August was not a quiet month at the Bank of England.
The new Governor of the Bank of England, Mark Carney, came to the job with a ‘rock star’ central banker reputation which his predecessor, Sir Mervyn King, lacked. Mr Carney was expected to reform the Bank’s policies and in August he took a major step in this direction.
What he did was make an announcement which fits the economic euphemism of the moment, ‘forward guidance’. At its simplest, forward guidance means telling the market the central bank’s views of (and plans for) future short term interest rates. However, in the UK context it was not that simple. Mr Carney told us that the Bank “intends not to raise Bank Rate from its current level of 0.5% at least until … the unemployment rate has fallen to a threshold of 7%”, which the Bank’s economists predict will be in mid- 2016. The current (April-June) unemployment figure is 7.8%.
It was not – despite the various “another three years” headlines – a blanket promise. The Bank detailed three “knockouts” (its words) that would prompt earlier action:
- The Bank considers it more likely than not, that CPI inflation 18-24 months ahead will be 2.5% or more;
- Medium-term inflation expectations no longer remain “sufficiently well anchored”; and
- A significant threat to financial stability related to the continued low rates.
The Bank (and the Chancellor’s) hope is that the guidance encourages companies and consumers to borrow, safe in the knowledge they will not be hit by a sudden rise in rates. Mr Carney used a similar approach in his last job, at the Bank of Canada, when he said in April 2009 rates would stay flat for at least a year…….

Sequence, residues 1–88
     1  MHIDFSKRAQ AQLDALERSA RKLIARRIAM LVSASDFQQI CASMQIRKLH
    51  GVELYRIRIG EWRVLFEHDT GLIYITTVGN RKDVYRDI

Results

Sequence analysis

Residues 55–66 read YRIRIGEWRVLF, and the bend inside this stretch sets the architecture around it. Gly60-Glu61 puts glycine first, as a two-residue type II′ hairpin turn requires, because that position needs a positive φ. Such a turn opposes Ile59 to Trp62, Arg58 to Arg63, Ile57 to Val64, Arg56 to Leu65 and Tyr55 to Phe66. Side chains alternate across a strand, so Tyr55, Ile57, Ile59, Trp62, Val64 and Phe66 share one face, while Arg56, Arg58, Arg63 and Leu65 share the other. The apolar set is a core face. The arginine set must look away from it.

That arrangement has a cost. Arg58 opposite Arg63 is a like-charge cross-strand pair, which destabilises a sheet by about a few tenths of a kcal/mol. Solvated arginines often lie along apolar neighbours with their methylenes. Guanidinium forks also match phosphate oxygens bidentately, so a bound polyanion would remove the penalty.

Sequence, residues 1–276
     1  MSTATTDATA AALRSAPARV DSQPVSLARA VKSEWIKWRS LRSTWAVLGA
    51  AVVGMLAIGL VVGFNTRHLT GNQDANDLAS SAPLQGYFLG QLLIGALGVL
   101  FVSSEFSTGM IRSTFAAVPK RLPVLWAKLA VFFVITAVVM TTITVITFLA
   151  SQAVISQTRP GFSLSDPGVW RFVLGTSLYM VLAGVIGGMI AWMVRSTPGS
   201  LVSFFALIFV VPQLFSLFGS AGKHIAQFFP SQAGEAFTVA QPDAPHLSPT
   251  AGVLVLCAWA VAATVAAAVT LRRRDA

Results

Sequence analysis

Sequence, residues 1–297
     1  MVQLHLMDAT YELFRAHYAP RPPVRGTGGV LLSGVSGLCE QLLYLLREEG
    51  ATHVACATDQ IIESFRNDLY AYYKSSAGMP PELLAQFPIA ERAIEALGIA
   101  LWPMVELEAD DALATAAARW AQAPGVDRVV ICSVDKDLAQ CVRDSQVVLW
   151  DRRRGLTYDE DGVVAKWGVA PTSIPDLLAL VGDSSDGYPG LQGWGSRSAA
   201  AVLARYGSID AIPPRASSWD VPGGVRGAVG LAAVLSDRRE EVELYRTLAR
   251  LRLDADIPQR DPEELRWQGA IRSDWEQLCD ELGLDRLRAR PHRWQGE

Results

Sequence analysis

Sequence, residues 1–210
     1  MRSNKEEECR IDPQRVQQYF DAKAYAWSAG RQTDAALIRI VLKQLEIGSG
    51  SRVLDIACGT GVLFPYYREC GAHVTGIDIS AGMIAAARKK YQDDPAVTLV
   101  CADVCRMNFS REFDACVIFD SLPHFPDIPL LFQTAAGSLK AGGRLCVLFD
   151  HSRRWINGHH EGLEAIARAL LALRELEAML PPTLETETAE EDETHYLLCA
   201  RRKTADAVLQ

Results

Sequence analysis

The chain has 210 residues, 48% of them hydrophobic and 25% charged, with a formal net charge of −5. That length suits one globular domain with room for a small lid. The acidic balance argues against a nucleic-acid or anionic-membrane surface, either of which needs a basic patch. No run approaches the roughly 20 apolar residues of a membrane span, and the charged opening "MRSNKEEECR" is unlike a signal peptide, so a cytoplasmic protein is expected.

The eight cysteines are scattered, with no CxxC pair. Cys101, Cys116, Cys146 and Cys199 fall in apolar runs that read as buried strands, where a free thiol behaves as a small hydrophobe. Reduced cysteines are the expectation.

But the market has other views
The market is unconvinced by Mr Carney’s 2016 target.
One of the reasons why ‘forward guidance’ is a relatively new idea is that central bankers are a cautious bunch who avoid making themselves a hostage to fortune. Mr Carney’s three ‘knockouts” give him some wriggle room, but the more flexibility there is, the less the credibility of the forward guidance.
Since the guidance was issued, interest rates have generally been rising. For example, on the day of the announcement (1 August), five year government bonds (gilts) were yielding 1.42% according to the Bank of England, whereas by the end of the month their yield was 1.71%, having fallen back from 1.8%+ on Syrian concerns.
There are a variety of reasons why Mr Carney and Mr Market are at odds with each other. One is that inflation ‘knockout’: CPI inflation is currently (July 2013) running at 2.8% and has been at or above 2.5% for all but three months since January 2010. Another is the 7%
unemployment target, which some economists think could arrive well before mid-2016. However, the biggest obstacle to 2016 is probably another central banker; Ben Bernanke, chairman of the US Federal Reserve. Bernanke has said US short term rates will stay on hold until unemployment hits 6.5%, but he has also indicated that the central bank will start to cut back on its $85bn a month quantitative easing (QE) programme soon.
That has given US investment markets the jitters, pushing up US government bond yields and bringing volatility back to US share prices. Other global markets have caught Wall Street’s chill as non-US investors wonder whether rising US Treasury rates mean their countries’ rates will have to increase as well.
From a UK perspective the rises so far have had one benefit: annuity rates and income withdrawal rates have been nudged up. September’s income withdrawal interest rate of 3% is the highest since November 2011.
The value of your investment can go down as well as up and you may not get back the full amount you invested. Past performance is not a reliable indicator of future performance. Investing in shares should be regarded as a long-term investment and should fit in with your overall attitude to risk and financial circumstances.
13th September 2013